Just as the tomato is a fruit that we treat as though it were a vegetable, rhubarb is a vegetable that we treat as though it were fruit. Rhubarb is one of the first vegetable crops to be harvested in Indiana and its rosy pink stalks are available at many farmers markets.
Rhubarb is one of the vegetables touted in most diet regimes, from low glycemic to paleo. This is because plain rhubarb contains very little natural sugar. It is also very fibrous, a reason it was considered a "spring tonic" during pioneer days ("it cleans out your system.") Rhubarb's distinctive flavor comes from oxalic acid, so this vegetable may be off limits to those who are prone to kidney stones.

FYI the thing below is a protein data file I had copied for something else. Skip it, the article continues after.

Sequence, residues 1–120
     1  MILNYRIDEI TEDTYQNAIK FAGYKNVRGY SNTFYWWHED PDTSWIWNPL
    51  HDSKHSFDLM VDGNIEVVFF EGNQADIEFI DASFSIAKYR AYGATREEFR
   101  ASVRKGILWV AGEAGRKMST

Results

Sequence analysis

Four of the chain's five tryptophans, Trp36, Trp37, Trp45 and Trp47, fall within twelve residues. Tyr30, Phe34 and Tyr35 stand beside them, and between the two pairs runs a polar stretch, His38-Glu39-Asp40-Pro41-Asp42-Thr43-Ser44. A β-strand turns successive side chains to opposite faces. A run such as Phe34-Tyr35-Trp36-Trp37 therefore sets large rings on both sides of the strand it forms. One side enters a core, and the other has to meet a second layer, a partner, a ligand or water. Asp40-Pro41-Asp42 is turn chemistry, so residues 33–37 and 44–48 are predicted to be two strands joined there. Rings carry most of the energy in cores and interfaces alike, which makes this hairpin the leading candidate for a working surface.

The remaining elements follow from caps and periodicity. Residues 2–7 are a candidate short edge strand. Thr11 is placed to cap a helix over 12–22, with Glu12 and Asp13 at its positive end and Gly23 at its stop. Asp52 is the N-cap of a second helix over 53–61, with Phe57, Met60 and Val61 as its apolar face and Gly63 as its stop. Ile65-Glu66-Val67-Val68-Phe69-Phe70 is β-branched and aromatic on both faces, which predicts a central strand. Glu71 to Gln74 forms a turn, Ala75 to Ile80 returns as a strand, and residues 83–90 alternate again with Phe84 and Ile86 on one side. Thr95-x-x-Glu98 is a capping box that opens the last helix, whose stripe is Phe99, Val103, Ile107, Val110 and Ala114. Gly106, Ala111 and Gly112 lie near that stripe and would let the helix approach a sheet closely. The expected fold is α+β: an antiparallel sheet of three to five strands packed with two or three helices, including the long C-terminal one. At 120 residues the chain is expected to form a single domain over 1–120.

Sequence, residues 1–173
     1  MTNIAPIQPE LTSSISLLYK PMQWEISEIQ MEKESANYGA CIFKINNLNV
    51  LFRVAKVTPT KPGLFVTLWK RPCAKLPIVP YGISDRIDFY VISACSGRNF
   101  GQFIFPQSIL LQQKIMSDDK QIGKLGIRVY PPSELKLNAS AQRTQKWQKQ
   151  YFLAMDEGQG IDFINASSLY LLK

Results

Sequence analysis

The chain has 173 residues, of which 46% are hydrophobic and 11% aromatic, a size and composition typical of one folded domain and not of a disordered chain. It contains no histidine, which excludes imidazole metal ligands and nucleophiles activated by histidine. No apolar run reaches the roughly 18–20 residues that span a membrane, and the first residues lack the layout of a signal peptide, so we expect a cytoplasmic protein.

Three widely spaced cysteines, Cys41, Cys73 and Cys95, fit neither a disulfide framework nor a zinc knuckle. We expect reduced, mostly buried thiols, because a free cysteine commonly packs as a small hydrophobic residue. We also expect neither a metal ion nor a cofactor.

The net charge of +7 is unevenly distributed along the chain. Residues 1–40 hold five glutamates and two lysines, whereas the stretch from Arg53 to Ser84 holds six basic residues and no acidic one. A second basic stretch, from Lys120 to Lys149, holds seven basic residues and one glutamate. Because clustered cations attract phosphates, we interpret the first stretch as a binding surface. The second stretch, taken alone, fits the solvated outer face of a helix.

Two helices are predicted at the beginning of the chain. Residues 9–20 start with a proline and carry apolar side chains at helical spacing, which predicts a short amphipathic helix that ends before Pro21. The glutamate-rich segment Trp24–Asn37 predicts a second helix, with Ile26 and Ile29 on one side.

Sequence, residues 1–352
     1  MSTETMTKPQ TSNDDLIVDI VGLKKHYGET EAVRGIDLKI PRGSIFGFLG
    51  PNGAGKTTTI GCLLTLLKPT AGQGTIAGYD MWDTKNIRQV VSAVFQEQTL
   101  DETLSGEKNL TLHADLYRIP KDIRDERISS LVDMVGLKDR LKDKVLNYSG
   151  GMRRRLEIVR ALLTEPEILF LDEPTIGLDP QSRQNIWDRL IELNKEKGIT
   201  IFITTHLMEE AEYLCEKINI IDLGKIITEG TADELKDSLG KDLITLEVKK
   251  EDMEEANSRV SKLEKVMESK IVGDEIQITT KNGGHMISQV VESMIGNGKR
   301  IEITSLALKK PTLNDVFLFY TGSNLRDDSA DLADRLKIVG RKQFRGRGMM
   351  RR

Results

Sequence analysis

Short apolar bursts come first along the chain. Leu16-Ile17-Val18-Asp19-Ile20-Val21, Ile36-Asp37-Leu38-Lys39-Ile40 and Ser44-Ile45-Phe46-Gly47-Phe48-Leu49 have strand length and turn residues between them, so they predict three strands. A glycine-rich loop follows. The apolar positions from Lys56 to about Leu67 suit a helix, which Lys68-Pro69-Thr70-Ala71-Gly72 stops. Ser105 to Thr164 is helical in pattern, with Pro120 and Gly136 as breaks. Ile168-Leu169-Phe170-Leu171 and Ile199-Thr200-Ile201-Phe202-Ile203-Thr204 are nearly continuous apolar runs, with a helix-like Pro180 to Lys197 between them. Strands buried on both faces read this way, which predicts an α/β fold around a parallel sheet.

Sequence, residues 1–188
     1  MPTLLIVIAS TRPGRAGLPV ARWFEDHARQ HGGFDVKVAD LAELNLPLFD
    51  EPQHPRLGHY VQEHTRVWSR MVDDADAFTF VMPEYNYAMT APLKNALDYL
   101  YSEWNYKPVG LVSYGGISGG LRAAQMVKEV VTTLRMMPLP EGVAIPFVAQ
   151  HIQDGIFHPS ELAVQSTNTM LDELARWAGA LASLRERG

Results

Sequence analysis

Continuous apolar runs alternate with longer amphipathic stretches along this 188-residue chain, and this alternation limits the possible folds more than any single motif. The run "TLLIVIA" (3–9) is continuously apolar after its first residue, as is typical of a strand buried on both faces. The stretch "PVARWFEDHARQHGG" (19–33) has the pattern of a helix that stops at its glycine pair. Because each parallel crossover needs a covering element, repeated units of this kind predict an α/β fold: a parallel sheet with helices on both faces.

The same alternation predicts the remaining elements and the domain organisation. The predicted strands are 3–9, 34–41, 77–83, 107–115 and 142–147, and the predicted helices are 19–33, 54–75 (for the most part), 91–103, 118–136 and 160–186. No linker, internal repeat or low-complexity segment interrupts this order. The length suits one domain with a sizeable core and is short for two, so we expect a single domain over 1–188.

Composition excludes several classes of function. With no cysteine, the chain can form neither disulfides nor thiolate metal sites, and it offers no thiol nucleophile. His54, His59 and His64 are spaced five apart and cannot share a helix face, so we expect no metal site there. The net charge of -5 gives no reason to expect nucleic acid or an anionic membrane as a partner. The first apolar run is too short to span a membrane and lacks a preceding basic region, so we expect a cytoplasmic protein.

Strawberry-rhubarb pie is the most common recipe that uses this vegetable, but it is actually more useful than this. The following relish - or salsa - makes a tremendous topper for pork, beef or venison.
2 c. finely chopped fresh rhubarb
2 c. finely chopped onion
2 1/2 c. packed light brown sugar
1 c. cider vinegar
1 tsp. salt
1/2 tsp. ground cinnamon
1/2 tsp. ground allspice
1/2 tsp. ground cloves
1/4 tsp. ground pepper
In a saucepan, combine all ingredients. Cook over medium heat for 30 minutes or until thickened, stirring occasionally. Store relish in glass container in refrigerator. Makes 3 1/2 cups.
This relish can also be canned using a hot water bath and processed as a low-acid food.